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Hey everyone – so this piece has been brewing almost as long as the follow up to The Enchanter Persuaded. . .this is Kid talking.  I read this review by the great Rick Moody and realized he was as addicted to rock biographies as I.  So I decided, what the f’ – I would write to him and take his pulse on music bios. What follows is our reconstituted email exchange with our recommendations sprinkled in. . .the formatting is kind of f’ed. . .but I think we just need to publish this

(For those of you who don't know: Rick Moody is a great Brooklyn-based musician and writer. Rick's new book The Four Fingers of Death was released earlier this year. Pick it up - as well as other Brah favorites The Black Veil, Right Livelihoods, and The Ice Storm. Also check his great series of music writings here. . .)

Kid Millions: For enlightenment of Brah readers – what are some of your absolute favorite music/rock books? I've got some thoughts. . .In terms of classics? It depends on what you go in for. . .If you want amazing renderings of somewhat obscure players –THE SOURCE: THE UNTOLD STORY OF FATHER YOD, YA HO WHA 13, AND THE SOURCE FAMILY is absolutely incredible. EYE MIND - about the 13th Floor Elevators captures the peerless heights with the immense tragedy that those guys traversed. I think WALK THIS WAY - the Aerosmith story is amazing, THE DIRT is also jaw-dropping.  SHAKEY - the Neil book is a classic. CHRONICLES, the Dylan memoir was so nakedly mannered but also tremendously inspiring. . .HEAD ON/REPOSSESSED by Julian Cope is great, OUR BAND COULD BE YOUR LIFE by Michael Azerrad, SWEET SOUL MUSIC by Peter Guralnick - the list goes on and on.

Rick Moody: I think the very worst and most fascinating of recent rock books is, yes, THE DIRT by Neil Strauss. It's far better than Motley Crüe itself, I think. They are lucky to be the subjects thereof. It's so good it made me want to listen to Motley Crüe, until I went and did so and remembered that they are basically unlistenable.

Of the other books you name, I liked the Dylan CHRONICLES, though it was obscenely impulsive in terms of its structure. I think SHAKEY is not as good as you think, because I think Neil withdrew his support at a crucial stage. I found the author's tone slightly churlish in spots. But it was full of good information. I haven't read the 13th Floor Elevators book, and now would like to.

KM: Perhaps I was snowed a bit by SHAKEY. . .it seemed to me like the author's loss of access kind of played into his overall portrait of Neil - which might actually highlight the author's flaws . . .but I will check it again I'm sure. I also didn't agree w his assessment of Trans and his 90s work - which I love - but anyway.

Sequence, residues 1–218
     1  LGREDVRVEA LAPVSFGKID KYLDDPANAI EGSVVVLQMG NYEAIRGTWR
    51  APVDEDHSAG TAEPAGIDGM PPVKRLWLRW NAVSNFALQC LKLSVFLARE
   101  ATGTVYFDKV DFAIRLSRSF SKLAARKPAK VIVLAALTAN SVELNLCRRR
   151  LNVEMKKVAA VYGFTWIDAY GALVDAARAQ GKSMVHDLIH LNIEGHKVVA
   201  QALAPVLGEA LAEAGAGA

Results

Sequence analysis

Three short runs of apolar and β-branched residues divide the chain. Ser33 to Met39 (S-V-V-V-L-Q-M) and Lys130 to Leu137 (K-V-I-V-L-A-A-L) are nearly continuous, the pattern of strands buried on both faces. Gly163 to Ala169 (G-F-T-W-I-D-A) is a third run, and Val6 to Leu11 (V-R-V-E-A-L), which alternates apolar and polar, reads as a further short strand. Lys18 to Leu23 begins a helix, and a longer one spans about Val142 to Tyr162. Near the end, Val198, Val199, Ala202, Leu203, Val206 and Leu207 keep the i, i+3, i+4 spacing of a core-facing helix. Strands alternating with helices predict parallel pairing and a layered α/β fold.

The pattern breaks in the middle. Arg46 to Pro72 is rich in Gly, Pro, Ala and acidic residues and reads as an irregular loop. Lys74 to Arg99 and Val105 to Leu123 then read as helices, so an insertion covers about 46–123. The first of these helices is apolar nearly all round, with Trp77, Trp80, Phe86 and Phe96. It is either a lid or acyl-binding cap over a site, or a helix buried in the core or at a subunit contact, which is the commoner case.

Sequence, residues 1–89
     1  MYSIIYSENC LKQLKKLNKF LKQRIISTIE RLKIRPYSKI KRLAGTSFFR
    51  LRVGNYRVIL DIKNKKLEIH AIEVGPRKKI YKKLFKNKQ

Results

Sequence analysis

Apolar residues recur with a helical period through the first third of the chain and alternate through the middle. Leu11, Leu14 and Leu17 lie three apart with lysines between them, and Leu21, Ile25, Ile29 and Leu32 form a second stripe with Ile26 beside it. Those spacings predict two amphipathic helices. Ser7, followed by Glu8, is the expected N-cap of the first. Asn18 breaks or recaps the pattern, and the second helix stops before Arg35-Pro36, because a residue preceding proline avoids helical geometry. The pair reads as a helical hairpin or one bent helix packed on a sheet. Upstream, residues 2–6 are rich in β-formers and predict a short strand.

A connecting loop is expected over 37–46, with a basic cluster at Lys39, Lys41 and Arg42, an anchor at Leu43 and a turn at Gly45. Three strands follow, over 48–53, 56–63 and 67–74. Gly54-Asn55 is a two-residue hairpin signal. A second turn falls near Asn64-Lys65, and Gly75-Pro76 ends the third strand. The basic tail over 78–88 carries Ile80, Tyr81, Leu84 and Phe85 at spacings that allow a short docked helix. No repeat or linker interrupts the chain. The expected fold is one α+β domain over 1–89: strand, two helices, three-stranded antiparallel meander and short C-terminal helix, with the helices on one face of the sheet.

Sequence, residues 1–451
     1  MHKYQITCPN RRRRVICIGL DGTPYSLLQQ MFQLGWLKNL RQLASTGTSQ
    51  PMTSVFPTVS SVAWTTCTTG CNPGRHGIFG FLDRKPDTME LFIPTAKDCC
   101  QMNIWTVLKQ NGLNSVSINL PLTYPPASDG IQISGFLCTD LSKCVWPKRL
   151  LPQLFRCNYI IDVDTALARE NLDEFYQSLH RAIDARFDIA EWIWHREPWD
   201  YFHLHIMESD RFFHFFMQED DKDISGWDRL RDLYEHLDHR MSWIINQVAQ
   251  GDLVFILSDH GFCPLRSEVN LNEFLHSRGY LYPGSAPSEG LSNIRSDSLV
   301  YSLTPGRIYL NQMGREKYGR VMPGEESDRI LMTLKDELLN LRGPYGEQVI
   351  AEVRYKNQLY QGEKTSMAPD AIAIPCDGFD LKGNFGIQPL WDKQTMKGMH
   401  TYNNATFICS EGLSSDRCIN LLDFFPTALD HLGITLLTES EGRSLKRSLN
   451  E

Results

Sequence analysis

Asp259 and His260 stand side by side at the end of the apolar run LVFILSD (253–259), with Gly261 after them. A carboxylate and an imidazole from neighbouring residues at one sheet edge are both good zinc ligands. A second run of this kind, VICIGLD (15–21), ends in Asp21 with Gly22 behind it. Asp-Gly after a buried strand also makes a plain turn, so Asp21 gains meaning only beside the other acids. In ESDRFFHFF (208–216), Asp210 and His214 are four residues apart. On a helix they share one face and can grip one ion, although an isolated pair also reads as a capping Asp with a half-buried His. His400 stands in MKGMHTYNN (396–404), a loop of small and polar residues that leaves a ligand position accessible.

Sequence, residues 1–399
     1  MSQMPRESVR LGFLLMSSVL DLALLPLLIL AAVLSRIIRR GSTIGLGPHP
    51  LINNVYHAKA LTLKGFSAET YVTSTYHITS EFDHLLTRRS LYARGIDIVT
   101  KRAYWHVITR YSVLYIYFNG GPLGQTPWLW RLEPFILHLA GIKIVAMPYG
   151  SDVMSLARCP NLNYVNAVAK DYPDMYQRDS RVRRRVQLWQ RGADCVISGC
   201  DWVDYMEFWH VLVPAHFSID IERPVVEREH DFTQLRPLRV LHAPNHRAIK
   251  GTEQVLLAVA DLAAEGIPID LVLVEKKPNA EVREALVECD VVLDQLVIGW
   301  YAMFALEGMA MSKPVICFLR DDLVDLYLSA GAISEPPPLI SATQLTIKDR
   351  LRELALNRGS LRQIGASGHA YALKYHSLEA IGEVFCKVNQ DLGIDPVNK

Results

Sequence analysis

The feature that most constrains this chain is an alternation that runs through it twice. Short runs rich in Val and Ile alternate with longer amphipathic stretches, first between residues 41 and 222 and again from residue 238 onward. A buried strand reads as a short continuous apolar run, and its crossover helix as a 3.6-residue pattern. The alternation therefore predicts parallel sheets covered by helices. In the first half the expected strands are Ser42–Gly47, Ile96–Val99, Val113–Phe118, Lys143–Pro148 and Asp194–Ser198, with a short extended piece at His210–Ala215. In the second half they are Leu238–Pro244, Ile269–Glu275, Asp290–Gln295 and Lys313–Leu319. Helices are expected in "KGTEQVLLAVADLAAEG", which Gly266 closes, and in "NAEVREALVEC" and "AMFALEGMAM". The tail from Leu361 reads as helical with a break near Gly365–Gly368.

LIPSTICK TRACES, by Greil Marcus


AESTHETICS OF ROCK by Richard Melzer

RM: The Azzerad is very great, PLEASE KILL ME is a miracle (just read it again, in fact), as is ENGLAND'S DREAMING (Jon Savage wrote a good book about teenagers through history, recently, TEENAGE: THE CREATION OF YOUTH CULTURE --that was fascinating as well).  These are all must-reads for anyone who is into reading about this sort of thing, I expect. I assume you have read them all and just overlooked them in your list.

KM: I read Lipstick Traces a while ago and I loved it - but it wasn't fresh in my mind - I can't really read Marcus anymore - but I learned a lot about the context of the Basement Tapes by listening to a radio presentation he did on it one 4th of July. Embarrassingly - I haven't read AESTHETICS OF ROCK. . .Bobby from Oneida told me about it probably when we were in college and I just never got around to it. I will now. [I still haven’t]. .

Rick continues with recommendations:

NO ONE GETS OUT ALIVE by Danny Sugarman

THE REAL FRANK ZAPPA BOOK by Frank Zappa/Peter Occhiogrosso


MR. TAMBOURINE MAN: The Life and Legacy of the Byrds’ Gene Clark by John Einarson/Gene Clark

RM: Gene Clark is a god, I think, and should be better known, so if this book leads people to the music, all the better!

KM: Gene Clark is big in Oneida's world. . .so I will definitely pick that up. We've joked about covering No Other or doing something in the spirit of that song - which is demented and full of odd choices.

I WAS A ROBOT by Wolfgang Flur

RM: [It’s] about his years in Kraftwerk. It was excellent and hilarious. Flur was a romantic playing at being a cold, inhuman Kraftwerk member. What could be better?

KM: Shahin Motia - from Oneida and Ex Models - just picked up the Kraftwerk book. . .I really really want to read that. I'm curious to read your thoughts about drum machines - I love them . . .I cherish them in fact. . .and I'm a drummer. It took some exposure to NY electro (NOT electro clash btw), Detroit techno and Chicago house when I first moved to NY in 96 to move me in that direction. Of course all those guys revered Kraftwerk. . .looking forward to your thoughts on that.